Proponents of crypto argue that technological use cases will increase, as will investor adoption, and these dynamics will drive prices higher. This remains to be seen. From a portfolio management standpoint, crypto assets have historically been less correlated with traditional assets such as stocks and bonds. Including a small allocation of crypto assets in a diversified portfolio of stocks and bonds has historically presented the prospect of higher risk-adjusted returns.
What are the risks of investing in cryptocurrency?
Crypto assets are still highly speculative, and prices remain very volatile. A generally-accepted currency requires stability, so merchants and consumers can determine what a fair price is for goods. However, Bitcoin and other cryptocurrencies have rarely been stable, with price swings of 50% or more occurring in just months. Additionally, current crypto assets are unregulated (an appeal to some) making all investments in cryptocurrencies uninsured by any entity. As crypto assets continue to evolve, tighter regulation and tax treatment may be on the horizon. Governments, such as the United States and China, may even issue their own cryptocurrencies. Each of these developments may impact the prices of current crypto assets.
How and where can I purchase cryptocurrency?
While some cryptocurrencies are available for purchase with U.S. dollars, others require payment with bitcoins or another cryptocurrency. Accounts on an exchange are required - there are more than 500 of them. Careful research to discern which are most reliable is advised. An online app that holds currency, a ‘wallet’, is also required. On some exchanges like Coinbase, you can create both a wallet and buy and sell cryptocurrencies. There are also a number of online brokers. While many different wallets exist, and each has its own benefits, technical requirements, and security features. Further, exchange traded funds (ETFs) are being new unveiled to track the prices of crypto futures. These instruments remain very nascent and may not accurately track the underly performance of the assets. Additional challenges may be present as well, such as asset custody.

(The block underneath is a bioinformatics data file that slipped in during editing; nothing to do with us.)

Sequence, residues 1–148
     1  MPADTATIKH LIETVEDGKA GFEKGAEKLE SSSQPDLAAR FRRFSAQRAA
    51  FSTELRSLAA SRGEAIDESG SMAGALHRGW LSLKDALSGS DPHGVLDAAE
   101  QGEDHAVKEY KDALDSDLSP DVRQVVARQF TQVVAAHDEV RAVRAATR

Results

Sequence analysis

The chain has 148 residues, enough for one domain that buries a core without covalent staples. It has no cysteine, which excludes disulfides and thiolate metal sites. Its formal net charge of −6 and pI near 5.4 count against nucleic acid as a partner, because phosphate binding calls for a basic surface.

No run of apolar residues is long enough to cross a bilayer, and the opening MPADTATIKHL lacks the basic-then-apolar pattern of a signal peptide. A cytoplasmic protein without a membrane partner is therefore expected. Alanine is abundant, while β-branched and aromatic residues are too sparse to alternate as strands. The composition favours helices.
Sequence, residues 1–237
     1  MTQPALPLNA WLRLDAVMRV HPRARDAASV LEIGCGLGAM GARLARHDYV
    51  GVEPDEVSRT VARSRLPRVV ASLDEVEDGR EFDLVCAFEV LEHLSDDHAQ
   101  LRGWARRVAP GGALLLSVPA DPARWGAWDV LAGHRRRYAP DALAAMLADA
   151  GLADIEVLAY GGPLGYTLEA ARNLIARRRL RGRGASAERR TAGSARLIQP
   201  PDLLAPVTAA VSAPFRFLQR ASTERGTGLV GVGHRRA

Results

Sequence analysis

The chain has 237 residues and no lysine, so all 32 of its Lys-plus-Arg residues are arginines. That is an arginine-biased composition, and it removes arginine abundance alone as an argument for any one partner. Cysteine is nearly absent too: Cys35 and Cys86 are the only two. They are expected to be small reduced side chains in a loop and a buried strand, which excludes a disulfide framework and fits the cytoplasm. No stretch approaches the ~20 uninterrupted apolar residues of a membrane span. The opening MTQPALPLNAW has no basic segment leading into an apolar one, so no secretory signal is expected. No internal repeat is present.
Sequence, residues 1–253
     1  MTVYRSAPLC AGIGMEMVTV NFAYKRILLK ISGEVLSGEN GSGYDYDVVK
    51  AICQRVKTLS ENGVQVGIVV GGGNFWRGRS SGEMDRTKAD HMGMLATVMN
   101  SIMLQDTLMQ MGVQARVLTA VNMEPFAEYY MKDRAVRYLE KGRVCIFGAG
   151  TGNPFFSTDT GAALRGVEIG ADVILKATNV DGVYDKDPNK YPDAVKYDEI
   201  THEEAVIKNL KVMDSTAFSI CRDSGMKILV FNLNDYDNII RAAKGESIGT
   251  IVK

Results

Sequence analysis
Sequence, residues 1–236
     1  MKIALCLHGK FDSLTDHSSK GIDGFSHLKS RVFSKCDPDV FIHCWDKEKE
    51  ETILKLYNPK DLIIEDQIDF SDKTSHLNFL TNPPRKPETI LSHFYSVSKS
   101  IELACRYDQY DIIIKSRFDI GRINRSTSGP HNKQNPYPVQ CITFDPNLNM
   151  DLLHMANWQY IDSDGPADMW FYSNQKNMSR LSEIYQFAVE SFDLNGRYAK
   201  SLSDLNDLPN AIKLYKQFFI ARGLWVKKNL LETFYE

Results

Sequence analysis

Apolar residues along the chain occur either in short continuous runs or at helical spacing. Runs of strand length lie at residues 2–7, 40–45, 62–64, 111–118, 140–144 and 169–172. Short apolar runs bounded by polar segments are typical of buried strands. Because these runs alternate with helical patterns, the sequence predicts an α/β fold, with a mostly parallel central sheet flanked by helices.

The Long-term Implications of Crypto
The possible long-term implications of cryptocurrency may be quite significant. Imagine having the opportunity to fractionalize investments in large assets using tokens as currency? Or having instant and free access to financial assets without intermediaries, clearing processes and fees? All of this is potentially possible because of the blockchain technology.
Further extensions are also exciting. For example, companies could provide profit-shares to employees through company issued cryptocurrency as equity shares, and cross-border transactions from investments to payroll will save employers and employees money by eliminating banks and language barriers. Crowdfunding and raising of capital with a dedicated blockchain wallet could allow fundraisers to avoid third-party fees and keep the amount of donations transparent.
Indeed, crypto very well may change the way we think about money and how we transact with our financial and digital assets.
Diversification and a solid understanding of the assets that you own are core tenets of any sound investment strategy. This is perhaps especially true with cryptocurrencies. In exploring crypto, it is critical to be aware of its use cases, risks, value drivers and to be prepared for its inherent volatility. While the technology is still in its early stages, the rapidity of the technological change is likely to only increase, and with it both opportunity and risk. As always, please reach out with any thoughts or questions.
Thanks for reading.
Jeremy Suschak, CFP®
Managing Director, DBR Next
Jeremy Suschak, CFP® is a Financial Advisor at DBR & CO, a Pittsburgh-based wealth management firm. If you would like to contact the author, please e-mail him at firstname.lastname@example.org or call 412-227-2800.